There’s much to consider before offering an opinion

| Father Michael Schmitz | July 2, 2014 | 1 Comment
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Bigstock Photo

Q. When am I supposed to offer my opinion? For example, I have a friend who conceived a child through in vitro fertilization. Am I supposed to tell her that was wrong?

A. This is a really good question but also a somewhat complicated thing. So many factors go into figuring out when to speak and when to remain silent that I often find people will simply abdicate any responsibility and do nothing.

In fact, isn’t there that oddly popular bumper sticker that simply states, “coexist”?

The implication is, “keep your thoughts to yourself and live your life.” Essentially, “stay out of other people’s business.”

While that might be one way to live, it is not the Christian way to live. I recently heard someone point out this startlingly obvious fact: Christians are called not to tolerate others but to love others. While we will hopefully live in peace with all of those around us, we are called to do more than merely “coexist.”

Love is more than tolerance. Love places demands on us.

We cannot stand idly by while others hurt themselves or others. Of course, in our pluralistic society, we ought not to impose our beliefs on others, but there is an incredible and significant difference between forcing one’s beliefs on another and lovingly proposing the truth to them.

Older Christians had a name for this. It was one of the Spiritual Works of Mercy and was called “instructing the ignorant.” A more palatable way of saying it is “leading another to the truth.”

This is hard to hear for people who don’t believe there is such a thing as truth, but it is convicting for those of us who know that reality is not merely a matter of opinion.

But we need to consider other factors as well, including context, responsibility and prudence.

Share the truth

This past spring, a ferry carrying almost 300 people sank off the coast of South Korea. Roughly 280 passengers lost their lives. After this tragedy occurred, it was discovered that almost all of those lives could have been saved.

Unfortunately, the captain of the ferry ignored the reality of the situation and directed all of the passengers to return to their rooms while he got himself and most of the crew off the ship.

This captain is currently being charged with murder. He had a responsibility to tell his passengers the truth, but he was apparently content with using the truth to save himself and not concerned enough to share it with those under his protection.

This story contains the elements we need to be attentive to. The captain had the truth and was in a position to share the truth. Even more, he had a responsibility to share the truth. He was the exact person whose job it was to tell the truth.

When we are faced with whether or not we ought to share the truth with someone, we have to weigh those same factors.

What is the context of this relationship?

That is a critical factor.

If I am not in a healthy and trusting relationship with this other person, then I need to consider that when discerning if I am the right person to share this information.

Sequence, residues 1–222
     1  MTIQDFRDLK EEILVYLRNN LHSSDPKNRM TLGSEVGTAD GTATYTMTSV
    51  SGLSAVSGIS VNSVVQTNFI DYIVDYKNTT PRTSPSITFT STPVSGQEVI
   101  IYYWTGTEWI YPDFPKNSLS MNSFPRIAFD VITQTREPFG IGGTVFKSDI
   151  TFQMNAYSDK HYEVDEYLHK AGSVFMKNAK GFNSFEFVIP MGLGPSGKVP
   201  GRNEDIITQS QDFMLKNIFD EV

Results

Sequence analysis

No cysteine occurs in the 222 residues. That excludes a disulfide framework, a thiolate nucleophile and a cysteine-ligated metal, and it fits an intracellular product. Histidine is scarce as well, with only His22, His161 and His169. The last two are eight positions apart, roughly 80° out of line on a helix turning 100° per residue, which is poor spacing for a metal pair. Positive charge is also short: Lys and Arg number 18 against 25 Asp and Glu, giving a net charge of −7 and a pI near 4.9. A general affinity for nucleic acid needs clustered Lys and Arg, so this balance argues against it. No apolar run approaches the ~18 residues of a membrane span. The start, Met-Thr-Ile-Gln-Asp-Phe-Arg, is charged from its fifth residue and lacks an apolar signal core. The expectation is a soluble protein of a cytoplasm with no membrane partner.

If I have never had a good relationship with my sister, then I might not be the right person to offer some “brotherly advice.” If I have never said more than two words to a co-worker, maybe the first real conversation we have shouldn’t be one where I point out their faults. And if I am looking at a situation “after the fact,” I don’t need to offer any free advice.

It is like when someone asks you what you think about their new tattoo. At this point, it is done. Nothing that you could say would be all that helpful. In the case of the woman who conceived the child through immoral means, this moment might not be the best to point out that procreation and the sexual act ought to be kept intact.

What’s your role?

There are at least two other factors to consider.

You can ask yourself, “Do I have a responsibility to tell them the truth in this situation?” What is your role?

The captain of the ferry was the person responsible for the safety of his passengers. A parent’s role is always to teach their children. A pastor’s role is always to lead those entrusted to his care to the truth.

What about your case? Is it your role to tell your friend the truth?

While you may not have the responsibility to weigh in on every single moral issue in this person’s life, if they invite you to share your opinion, then you now have the responsibility to tell them the truth. You have been given the open door. This usually comes after demonstrating that you are the kind of person who can be trusted to kindly and wisely offer advice.

Lastly, something that is of absolute importance is prudence.

Prudence is simply practical wisdom. A question you must ask yourself is, “Will what I want to share actually help this person?”

Whether it is immediately helpful or ultimately helpful, we must consider the final goal of the information we may be called to share. We are called to lead others closer to the truth and closer to God.

Will your offering this piece of information get them closer to God?

Father Schmitz is director of youth and young adult ministry for the Diocese of Duluth and chaplain of the Newman Center at the University of Minnesota Duluth. Reach him at fathermikeschmitz@gmail.com.

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Category: Seeking Answers

  • tschraad

    Father Schmitz has a lot of good points but he failed to ask the questioner about the relationship that existed when she stated “a friend”. It is a “friend”, then she should of been able to instruct her friend on all the reasons why “vitro fertilization” is wrong. After the fact does not make any difference as the friend would believe that you condone this procedure. Approval of an evil by silence is wrong.